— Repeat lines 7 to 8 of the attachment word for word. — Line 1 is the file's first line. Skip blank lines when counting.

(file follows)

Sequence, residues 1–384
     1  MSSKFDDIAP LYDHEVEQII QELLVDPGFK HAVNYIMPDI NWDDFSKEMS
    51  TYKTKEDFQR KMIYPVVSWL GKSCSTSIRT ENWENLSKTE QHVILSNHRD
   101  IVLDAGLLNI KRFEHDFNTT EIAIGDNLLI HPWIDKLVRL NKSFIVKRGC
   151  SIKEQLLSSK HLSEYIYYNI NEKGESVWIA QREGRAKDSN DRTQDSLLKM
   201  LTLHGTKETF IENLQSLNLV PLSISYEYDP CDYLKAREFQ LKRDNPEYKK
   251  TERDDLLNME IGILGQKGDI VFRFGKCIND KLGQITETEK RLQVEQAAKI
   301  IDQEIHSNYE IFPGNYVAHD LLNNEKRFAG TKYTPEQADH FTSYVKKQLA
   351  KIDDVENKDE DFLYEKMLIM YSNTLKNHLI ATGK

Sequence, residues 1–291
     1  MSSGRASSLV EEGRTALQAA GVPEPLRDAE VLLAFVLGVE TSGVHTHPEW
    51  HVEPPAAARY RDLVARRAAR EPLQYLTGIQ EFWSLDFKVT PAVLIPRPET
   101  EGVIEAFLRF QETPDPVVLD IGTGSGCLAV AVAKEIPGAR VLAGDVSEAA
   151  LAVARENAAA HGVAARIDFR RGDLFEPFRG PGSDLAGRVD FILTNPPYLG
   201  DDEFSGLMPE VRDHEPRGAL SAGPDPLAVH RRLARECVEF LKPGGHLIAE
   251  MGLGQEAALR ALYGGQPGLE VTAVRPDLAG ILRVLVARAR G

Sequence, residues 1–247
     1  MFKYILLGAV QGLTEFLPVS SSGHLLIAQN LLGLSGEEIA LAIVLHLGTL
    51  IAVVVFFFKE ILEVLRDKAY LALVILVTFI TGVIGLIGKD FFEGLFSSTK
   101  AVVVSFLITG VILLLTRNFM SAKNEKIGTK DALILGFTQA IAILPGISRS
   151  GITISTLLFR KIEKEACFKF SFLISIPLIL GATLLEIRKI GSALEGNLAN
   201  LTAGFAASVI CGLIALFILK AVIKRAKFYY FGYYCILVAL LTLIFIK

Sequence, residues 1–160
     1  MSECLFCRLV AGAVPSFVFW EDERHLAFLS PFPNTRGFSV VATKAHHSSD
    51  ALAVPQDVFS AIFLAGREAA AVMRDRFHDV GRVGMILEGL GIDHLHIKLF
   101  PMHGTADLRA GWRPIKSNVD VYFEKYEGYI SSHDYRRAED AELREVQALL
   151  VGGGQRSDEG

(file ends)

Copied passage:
   251  TERDDLLNME IGILGQKGDI VFRFGKCIND KLGQITETEK RLQVEQAAKI
   301  IDQEIHSNYE IFPGNYVAHD LLNNEKRFAG TKYTPEQADH FTSYVKKQLA